As this year’s incredible chum spawner return becomes a fond memory, we realize that all good things must come to an end. But wait, here come the coho!
Chum spawner returns to Bowen this year have been fantastic – we haven’t seen anything like them in well over 10 years. I’m told the 2002 return was significant but I wasn’t here then.
For almost four weeks in November, residents and visitors to Bowen have been observing chum from the causeway entering the lagoon to spawn in the gravel beds nearby or under Bridal Veil Falls. We estimate that more than 1,200 chum have spawned in the lagoon and about 100 chum have spawned in Davies Creek beside Bowfest Field. To put this in perspective, each of the last three years BIFWC volunteers have only seen a few chum returns out of the 200,000 chum fry raised at the Terminal Creek Salmon Hatchery in Crippen Park every year.
Chum do not climb fish ladders. Female and male chum usually die within 48 hours of spawning, so there are now many salmon carcasses in the lagoon and Davies Creek – a feast for eagles, otters, seals and seagulls. Chum returns peaked the week ending Nov. 11 and have declined since then.
Coho begin spawning as the chum spawn ends and, historically on Bowen, I’m told coho spawn through December right into January. On Nov. 14, three coho were observed in the spawning bed near the causeway. On Nov. 17, an observant BICS Grade 4/5 student noticed a coho slowly enter the Lagoon before swimming toward Bridal Veil Falls. To say the least, a very exciting moment for all 30 of us.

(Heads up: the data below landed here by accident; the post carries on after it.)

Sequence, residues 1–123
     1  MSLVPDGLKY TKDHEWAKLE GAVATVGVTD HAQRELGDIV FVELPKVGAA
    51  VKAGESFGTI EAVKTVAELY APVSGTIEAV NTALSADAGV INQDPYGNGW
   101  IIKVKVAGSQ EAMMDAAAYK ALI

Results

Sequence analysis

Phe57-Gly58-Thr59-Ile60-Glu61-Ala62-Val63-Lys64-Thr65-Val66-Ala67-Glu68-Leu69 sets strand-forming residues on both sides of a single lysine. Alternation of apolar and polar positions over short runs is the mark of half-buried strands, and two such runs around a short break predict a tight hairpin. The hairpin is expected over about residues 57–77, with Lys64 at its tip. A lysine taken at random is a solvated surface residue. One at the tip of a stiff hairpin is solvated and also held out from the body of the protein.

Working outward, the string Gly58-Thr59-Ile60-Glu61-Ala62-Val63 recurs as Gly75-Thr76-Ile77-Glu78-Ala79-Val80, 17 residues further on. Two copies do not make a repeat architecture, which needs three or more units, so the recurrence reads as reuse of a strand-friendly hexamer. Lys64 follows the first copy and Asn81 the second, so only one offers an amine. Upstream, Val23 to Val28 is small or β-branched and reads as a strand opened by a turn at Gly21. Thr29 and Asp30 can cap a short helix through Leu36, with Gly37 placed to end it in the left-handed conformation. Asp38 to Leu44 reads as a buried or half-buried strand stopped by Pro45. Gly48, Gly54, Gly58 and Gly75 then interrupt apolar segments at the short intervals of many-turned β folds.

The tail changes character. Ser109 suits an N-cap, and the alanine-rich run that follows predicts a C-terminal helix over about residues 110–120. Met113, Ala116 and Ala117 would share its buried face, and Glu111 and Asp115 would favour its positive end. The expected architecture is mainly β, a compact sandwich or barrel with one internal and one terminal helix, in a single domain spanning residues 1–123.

Coho are powerful swimmers. This week several people have observed coho attempting (unsuccessfully) to swim and jump up the rapids to the top of Bridal Veil Falls. Our hope is that they will retreat then locate and climb the fish ladders which will allow them to access spawning gravel in Terminal and Killarney creeks. Each spring, BIFWC volunteers release coho fry into the following Bowen fresh water creeks which they may return to over the next six weeks: Terminal, Killarney, Davies, Grafton and Explosives (Tunstall).
These photos should help all you observant streamkeepers out there. Chum are a mottled grey colour while coho are dark red. We’re not likely to see chum much longer but hopefully we’ll observe coho through December. Please note that coho are more difficult to observe – they usually don’t spawn near the causeway and like to hide under cutbacks in creeks during the day and spawn at night.
It’s so rewarding for BIFWC salmon enhancement volunteers to see the excitement in our community. Let’s hope this is the beginning of a trend toward larger salmon spawner returns to Bowen in the future.
Thank you for supporting wild salmon.